Malaysians were left baffled after the government on Thursday appeared to walk back an earlier announcement that all video producers – including media agencies and users of social media platforms such as TikTok and Facebook – must obtain official licences.
Communications and multimedia minister Saifuddin Abdullah clarified the government did not intend to use the existing Film Act to stifle personal freedoms, after observers and experts questioned whether the administration – with its political longevity uncertain – was deliberately clamping down on free speech.
In a statement, Saifuddin said his comments had been to explain the 1981 law, and the administration did not intend to use it to stifle personal freedoms on social media. “The phenomenon did not exist when the law was enacted,” he said.
The minister’s initial remarks in parliament followed a row between Qatar-based broadcaster Al Jazeera and
Prime Minister Muhyiddin Yassin’s government over a July 3 documentary on migrant workers.
The communications minister told lawmakers all film producers required a licence and certification letter from the National Film Development Corporation (FINAS), “regardless of whether they are mainstream media or personal media that publish their film on social media or traditional channels”.
Under Malaysian law, a licence to shoot feature films, short films, short-subject films, trailers, documentaries or commercials requires applicants to have a registered company and 50,000 ringgit (S$16,000) in paid capital.https://twitter.com/yoongkhean/status/1286131181918932993?ref_src=twsrc%5Etfw%7Ctwcamp%5Etweetembed%7Ctwterm%5E12861311819189329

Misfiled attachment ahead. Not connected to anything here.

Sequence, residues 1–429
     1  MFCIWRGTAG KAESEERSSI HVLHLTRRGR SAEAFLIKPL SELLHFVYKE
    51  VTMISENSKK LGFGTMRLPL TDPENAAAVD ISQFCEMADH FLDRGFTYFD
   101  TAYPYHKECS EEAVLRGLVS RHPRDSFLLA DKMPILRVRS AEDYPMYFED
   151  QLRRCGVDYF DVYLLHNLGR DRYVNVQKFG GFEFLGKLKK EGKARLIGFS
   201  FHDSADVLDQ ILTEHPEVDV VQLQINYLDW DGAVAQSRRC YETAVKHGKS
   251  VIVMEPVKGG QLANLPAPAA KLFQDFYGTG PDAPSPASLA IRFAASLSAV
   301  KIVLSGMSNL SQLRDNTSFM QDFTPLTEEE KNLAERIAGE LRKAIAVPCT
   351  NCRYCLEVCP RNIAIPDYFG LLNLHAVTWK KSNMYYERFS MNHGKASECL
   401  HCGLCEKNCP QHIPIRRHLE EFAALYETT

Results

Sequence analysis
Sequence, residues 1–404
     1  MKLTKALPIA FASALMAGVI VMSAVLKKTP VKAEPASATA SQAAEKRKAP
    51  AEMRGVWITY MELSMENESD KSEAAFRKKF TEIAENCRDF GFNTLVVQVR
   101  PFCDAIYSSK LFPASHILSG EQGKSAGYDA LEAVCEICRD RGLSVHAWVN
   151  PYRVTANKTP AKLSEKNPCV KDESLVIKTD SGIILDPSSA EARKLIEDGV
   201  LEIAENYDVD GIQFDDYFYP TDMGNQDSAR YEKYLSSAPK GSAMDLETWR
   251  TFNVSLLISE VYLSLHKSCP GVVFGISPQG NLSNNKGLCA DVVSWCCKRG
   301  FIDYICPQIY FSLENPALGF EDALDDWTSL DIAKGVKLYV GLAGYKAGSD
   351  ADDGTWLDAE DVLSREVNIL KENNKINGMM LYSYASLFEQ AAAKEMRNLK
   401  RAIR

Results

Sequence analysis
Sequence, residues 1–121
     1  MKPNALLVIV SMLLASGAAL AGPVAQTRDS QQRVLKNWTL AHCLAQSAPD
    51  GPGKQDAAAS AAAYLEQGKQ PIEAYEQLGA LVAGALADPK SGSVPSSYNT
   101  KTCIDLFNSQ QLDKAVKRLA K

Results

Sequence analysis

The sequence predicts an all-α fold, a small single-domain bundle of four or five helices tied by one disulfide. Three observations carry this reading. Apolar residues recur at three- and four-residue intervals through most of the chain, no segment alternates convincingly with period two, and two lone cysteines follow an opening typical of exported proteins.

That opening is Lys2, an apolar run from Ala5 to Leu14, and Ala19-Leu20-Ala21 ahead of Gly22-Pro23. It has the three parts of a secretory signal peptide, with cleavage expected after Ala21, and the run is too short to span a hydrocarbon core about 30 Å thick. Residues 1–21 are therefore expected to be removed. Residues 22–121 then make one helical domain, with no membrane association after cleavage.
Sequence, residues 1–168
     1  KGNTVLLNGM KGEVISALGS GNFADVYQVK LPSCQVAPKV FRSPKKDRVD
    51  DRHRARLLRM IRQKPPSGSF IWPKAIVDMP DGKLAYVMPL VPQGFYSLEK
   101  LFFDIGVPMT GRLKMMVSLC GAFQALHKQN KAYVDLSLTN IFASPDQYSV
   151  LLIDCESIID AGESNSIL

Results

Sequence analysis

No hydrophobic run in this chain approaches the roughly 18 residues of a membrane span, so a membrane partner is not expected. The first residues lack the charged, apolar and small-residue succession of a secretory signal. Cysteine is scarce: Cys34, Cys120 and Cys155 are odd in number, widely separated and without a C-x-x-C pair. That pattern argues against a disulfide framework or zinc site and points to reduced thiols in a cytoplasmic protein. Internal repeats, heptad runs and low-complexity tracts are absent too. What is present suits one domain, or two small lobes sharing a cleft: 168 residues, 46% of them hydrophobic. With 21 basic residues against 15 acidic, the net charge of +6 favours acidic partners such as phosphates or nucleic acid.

This move – which was greeted with widespread derision from Malaysians – came after Al Jazeera rebuffed claims that it required a licence to produce content, following government pushback against a documentary it released on migrant workers in Malaysia under the Covid-19 lockdown.
“Unable to contest the integrity of our journalism, we believe the authorities are now attempting this new gambit of claiming we did not have a proper licence,” said Al Jazeera English managing director Giles Trendle in a statement, adding that by the letter of the law, its 101 East current affairs programme did not fall under the definition of a film that would require a licence.
The programme’s July 3 Locked Up in Malaysia’s Lockdown documentary, which highlighted discrimination against migrant workers in Malaysia, drew sharp and swift criticism from government officials who denied treating foreigners unfairly.
Besides instigating police investigations into the journalists, the government also said it would cancel Al Jazeera’s domestic accreditation if it violated licensing conditions.
The government’s position redefining news under the Film Act – and requiring it to be licensed – drew mockery from Malaysians, with many asking online whether TikTok or Instagram videos now required a licence. Others asked whether local politicians had obtained permits for videos posted on their social media feeds, with many linking to Facebook videos uploaded by communications minister Saifuddin as well as former prime minister Najib Razak.